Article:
Thursday, April 3, 2014

Take what you need: Dealing with the stress of over-abundance

I hear it all the time…..”I have too many zucchinis / apples / plums / tomatoes…. I don’t want to waste them but what am I going to do? I don’t have time / energy / space / to make jam / bottle things / make preserves / visit my neighbour and give them away!”

image

Growing food is step 1 of sustainable living and dare I say it but most people never graduate past it because of the stress it can produce. They want a job AND children AND acreage in the countryside AND a food garden AND chooks…… etc.

So, if this is you, how can you remove some of the stress of over-abundance in your food garden? Bearing in mind that this is stage 1 of sustainable living and we are not asking you (yet) to change how you do things, we are just trying to stop you giving up growing food and make you more relaxed so maybe you will think about moving to stage 2.

My suggestion is to take what you need and let nature have the rest. Giving things back to the earth is simply recycling. Putting 10 zucchinis in the compost is wonderful. I recently tipped a large bag of plums that someone had given me, into the compost. I could have gone through it and picked out the good ones (most had gone soggy and some were all mouldy by then) but I thought “No, I am really too busy to deal with this, this week” and in they went. In a few months they, along with the rest of the compost, will be returned to the garden. Problem solved, stress released, move on.

imageSilver beet rules the whole of my vegetable garden if I let it, so I take what I need for myself, one meal at a time, and feed the rest to the chooks. There is always some that gets away and goes to seed, flopping all over its neighbours. So, I grab what I can and tie it up to a stake. Then it is out of the way and I can go on gardening around that 1 plant. Problem solved, stress released, move on.

In the photo above, my garden became overgrown with 2 massive, self-sown pumpkin vines and, at the time, I could not store them all so I swapped 98kgs of random pumpkins for other produce at a local organic grocer. (7 years later I still love this shirt!).

In this photo, I am taking my over abundance of greens to the same shop to swap for other things. (7 years later, that is still my favourite gardening shirt!!).

I have a wonderful, weeping Lady in the Snow apple tree with the most delicious apples you can imagine. Now it is laden and many are falling. I keep looking at it from the back door and remembering the year I did not waste a single apple. My chooks roam under that tree (keeping it free of coddlin moth) so they peck at them on and off but there are too many even for 5 chooks. Today it is raining (so I won’t be gardening) and I will collect a basketful and juice them for the freezer (my freezer loves apple juice Smile). I will take some to the friends at the community garden. I will pick one every day when I am gardening and stand there and enjoy it. I hope to wrap lots in paper and save them for later. The native honey eater birds love them too. Still there will be many dozens “wasted” but they will all go back into the soil and feed the tree for next year. That is the cycle of life and how it should be. You could rake them up and put them in the compost if you like. Problem solved, stress released, move on.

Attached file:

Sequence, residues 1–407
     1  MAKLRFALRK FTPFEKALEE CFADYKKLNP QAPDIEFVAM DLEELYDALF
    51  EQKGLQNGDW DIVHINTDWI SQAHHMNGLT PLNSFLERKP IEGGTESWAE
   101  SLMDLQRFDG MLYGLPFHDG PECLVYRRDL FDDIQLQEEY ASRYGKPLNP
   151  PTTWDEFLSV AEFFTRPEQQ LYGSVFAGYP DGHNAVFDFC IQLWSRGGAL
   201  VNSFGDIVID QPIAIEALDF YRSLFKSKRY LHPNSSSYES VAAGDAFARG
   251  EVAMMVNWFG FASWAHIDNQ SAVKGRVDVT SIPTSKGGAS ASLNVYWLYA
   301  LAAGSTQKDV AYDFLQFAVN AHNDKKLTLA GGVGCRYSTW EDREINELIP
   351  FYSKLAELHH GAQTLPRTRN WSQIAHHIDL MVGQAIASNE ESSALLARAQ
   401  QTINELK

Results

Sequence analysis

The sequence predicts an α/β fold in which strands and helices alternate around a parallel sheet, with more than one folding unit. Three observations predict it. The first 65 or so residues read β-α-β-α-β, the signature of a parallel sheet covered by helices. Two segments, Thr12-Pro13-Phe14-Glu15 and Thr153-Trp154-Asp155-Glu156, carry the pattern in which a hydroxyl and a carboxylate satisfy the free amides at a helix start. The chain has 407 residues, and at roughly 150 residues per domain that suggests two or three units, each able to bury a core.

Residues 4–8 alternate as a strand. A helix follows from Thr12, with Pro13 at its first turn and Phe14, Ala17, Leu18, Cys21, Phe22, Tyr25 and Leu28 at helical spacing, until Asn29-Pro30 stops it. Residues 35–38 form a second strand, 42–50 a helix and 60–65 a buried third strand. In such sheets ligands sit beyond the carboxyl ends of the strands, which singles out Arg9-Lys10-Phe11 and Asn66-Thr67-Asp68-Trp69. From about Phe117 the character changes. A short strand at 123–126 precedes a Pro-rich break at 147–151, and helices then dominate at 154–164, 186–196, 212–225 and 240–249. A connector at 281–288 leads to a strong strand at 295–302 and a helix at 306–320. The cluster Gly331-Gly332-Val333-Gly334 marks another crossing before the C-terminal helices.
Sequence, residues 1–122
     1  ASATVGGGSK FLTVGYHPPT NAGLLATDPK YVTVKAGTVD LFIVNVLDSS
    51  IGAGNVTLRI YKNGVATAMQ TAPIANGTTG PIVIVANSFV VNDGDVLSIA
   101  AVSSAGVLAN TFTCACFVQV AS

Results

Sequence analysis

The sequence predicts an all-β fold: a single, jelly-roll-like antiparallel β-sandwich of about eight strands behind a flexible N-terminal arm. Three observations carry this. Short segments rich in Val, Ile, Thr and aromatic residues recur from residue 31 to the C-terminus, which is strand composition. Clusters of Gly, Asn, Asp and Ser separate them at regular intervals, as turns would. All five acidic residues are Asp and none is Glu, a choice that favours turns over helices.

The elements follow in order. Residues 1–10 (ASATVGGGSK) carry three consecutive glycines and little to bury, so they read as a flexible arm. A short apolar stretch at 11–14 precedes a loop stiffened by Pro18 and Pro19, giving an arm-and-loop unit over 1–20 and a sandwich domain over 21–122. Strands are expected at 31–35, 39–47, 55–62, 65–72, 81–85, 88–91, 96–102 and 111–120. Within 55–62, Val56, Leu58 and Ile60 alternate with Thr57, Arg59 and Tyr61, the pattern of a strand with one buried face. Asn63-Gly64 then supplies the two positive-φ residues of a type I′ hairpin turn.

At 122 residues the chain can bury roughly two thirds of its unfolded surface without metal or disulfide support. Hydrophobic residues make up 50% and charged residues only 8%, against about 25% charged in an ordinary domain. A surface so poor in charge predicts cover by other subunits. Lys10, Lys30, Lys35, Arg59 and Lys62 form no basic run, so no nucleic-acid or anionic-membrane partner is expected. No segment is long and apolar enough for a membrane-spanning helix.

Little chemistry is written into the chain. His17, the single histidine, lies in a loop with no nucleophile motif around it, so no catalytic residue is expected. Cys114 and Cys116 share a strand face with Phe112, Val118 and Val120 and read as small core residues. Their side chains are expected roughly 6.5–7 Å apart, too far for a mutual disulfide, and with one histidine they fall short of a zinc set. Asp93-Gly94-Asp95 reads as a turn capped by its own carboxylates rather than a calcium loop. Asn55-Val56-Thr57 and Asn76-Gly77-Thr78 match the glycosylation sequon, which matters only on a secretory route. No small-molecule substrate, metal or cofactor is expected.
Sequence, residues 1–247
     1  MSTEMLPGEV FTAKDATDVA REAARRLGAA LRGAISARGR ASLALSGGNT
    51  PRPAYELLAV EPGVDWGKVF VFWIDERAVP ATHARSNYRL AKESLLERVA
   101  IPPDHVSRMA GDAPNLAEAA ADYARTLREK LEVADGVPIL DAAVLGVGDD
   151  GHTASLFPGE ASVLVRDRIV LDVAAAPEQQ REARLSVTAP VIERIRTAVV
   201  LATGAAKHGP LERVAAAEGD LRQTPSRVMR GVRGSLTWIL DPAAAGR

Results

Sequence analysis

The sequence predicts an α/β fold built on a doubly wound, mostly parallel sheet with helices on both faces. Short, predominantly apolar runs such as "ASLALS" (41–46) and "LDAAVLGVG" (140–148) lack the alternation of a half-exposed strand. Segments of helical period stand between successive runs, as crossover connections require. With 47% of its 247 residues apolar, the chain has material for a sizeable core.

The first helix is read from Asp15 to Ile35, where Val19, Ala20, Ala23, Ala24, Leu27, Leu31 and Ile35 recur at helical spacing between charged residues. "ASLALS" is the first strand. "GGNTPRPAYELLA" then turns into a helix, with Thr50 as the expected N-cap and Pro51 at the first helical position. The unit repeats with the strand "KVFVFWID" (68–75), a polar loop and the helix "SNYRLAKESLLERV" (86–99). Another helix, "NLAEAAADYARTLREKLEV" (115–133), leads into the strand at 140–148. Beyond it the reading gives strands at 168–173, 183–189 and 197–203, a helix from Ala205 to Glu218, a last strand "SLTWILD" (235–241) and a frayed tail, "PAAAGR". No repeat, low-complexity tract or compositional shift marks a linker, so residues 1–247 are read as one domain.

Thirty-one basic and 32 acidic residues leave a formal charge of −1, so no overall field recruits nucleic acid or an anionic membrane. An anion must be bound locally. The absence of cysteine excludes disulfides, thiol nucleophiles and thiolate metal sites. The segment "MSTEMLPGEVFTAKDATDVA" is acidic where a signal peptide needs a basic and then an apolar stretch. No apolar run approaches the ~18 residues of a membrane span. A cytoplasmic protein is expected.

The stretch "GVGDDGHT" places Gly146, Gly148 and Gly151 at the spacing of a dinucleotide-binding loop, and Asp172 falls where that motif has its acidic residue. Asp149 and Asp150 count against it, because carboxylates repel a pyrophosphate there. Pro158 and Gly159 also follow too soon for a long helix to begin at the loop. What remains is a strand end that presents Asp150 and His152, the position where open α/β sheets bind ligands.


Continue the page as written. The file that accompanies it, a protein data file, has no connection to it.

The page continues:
Think cycles. Then there is no such thing as wasted food from the garden (or wasted anything, really). The consumer is encouraged to think in lines: buy new, use, discard waste then buy again, etc. Nature revolves in cycles such as seasons and the recycling of living matter. By buying something from a friend or secondhand shop (or tip-shop or gum tree if you are in Australia) you are moving to stage 2, where you are re-using something perfectly good that someone else has thrown out because they are still thinking in lines and they want the latest model or fashion.

After my secondhand microwave stops working, I will use it as a seed storage cupboard out on my porch (with the parsley I wrote about on facebook today!). Then I will find another second hand one in perfect working order and, because it will only cost about $20, I won’t be stressed about it when it stops working after a few years, or if it is the best one! This is permaculture principles 10 (use and value diversity) and 12 (creatively use and respond to change). See below.

Permaculture principles in this post:

Design Principle 3: Obtain a yield3. obtain a yield

 

Principle 5: Use and value renewable resources and services5. use and value renewable resources and services

 

Principle 6: Produce no waste6. Produce no waste

 

Principle 10: Use and value diversity

10. Use and value diversity

 

Principle 12: Creatively use and respond to change

12.Creatively use and respond to change

 

Permaculture ethics in this post:

Earth care, people care, fair share

2 comments:

JOC said...

Oh thanks Kate - I needed to hear that. My garden is sometimes overwhelming and I feel so guilty (I do use the phrase -"I let them go to seed deliberately" quite a lot!)
I will reboot my brain and give back to the garden happily from now on.
Cheers
Jan

Elena Brand said...

Kate

I love this!

Luckily for me, my garden hasn't produced too much this year and I've been able to every bit.

I've been meaning to get a composter going and this is definitely inspiring me to get into gear. I also love your comments on how the food replenished the ground for the new year.

Thanks for the good read.